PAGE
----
But rather than becoming more critical of the Chinese government, he has become more understanding of its strong and centralised leadership, including the way it handled the student-led protest in 1989. “Now I think it was necessary [the decision made by the government in the June Fourth Incident]…For Deng Xiaoping, the country’s stability was very important. Political stability is the foundation for economic development, though it was very sad for the students,” he explains.
Tony says he has changed from having no view to looking at things from a pragmatic point of view after coming to Hong Kong. “Democracy was only a word to me before. Now I think democracy should be achieved step by step,” he says. For him, Hong Kong people are too idealistic in their pursuit of democracy. But he is afraid of sharing his views with local students in case they attack him for it. “I find it very difficult for local people and Mainlanders to communicate, no matter what I say, they say I’m brainwashed,” says Tony.
Tony is not the only one who is worried that he will be labelled as “brainwashed”. Galen Wong (not his real name), a 22-year-old mainland professional working in Hong Kong’s finance sector says what people call “brainwashing” is a political methodology that exists everywhere in the world, not just China. Wong says people have a choice over whether to believe the “brainwashing” ideas or to learn more. Wong says Mainlanders generally refuse to discuss sensitive political issues not because they are being “brainwashed” but because they do not want to get into trouble.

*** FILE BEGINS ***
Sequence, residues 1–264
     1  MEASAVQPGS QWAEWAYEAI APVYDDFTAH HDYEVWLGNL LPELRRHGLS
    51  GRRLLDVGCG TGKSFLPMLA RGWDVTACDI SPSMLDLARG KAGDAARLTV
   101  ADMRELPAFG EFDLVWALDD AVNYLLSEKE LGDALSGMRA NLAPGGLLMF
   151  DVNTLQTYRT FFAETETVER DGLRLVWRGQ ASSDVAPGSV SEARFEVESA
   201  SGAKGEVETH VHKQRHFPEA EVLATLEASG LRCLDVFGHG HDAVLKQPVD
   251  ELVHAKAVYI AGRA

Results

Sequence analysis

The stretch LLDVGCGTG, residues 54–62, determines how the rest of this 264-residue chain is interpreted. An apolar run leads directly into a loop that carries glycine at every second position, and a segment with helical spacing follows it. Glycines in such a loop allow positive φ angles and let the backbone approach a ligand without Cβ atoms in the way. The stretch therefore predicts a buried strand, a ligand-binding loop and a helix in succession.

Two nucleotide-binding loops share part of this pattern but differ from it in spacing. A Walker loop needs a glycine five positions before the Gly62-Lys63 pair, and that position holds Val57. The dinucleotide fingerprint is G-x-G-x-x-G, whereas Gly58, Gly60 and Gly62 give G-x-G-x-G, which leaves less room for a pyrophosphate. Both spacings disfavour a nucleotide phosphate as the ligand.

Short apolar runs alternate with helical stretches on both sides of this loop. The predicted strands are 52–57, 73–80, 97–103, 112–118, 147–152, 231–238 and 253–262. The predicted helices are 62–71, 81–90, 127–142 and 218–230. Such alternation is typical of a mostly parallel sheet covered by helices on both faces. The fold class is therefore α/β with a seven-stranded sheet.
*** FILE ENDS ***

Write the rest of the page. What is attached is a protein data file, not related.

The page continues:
Like Tony, Wong thinks there is an abundance of information in Hong Kong and like Tony, he tends to take the pragmatic approach when analyzing political problems. He says the livelihoods of Chinese people have improved significantly in the last 30 years. As they can now enjoy a good life, they do not really need a change. “The histories [of Hong Kong and mainland China] are different, the circumstances are different. We have different mindsets,” says Wong. “I admire Hong Kong people’s courage [in fighting for democracy], but is it really practical?”
With access to a wider range of information in Hong Kong, Mainlanders here may turn out to be more liberal or conservative than they were before. But regardless of the outcome, Hong Kong’s media and information freedoms have provided them with the materials to further develop their own opinions and think critically beyond the great firewall.
Edited by Vanessa Cheung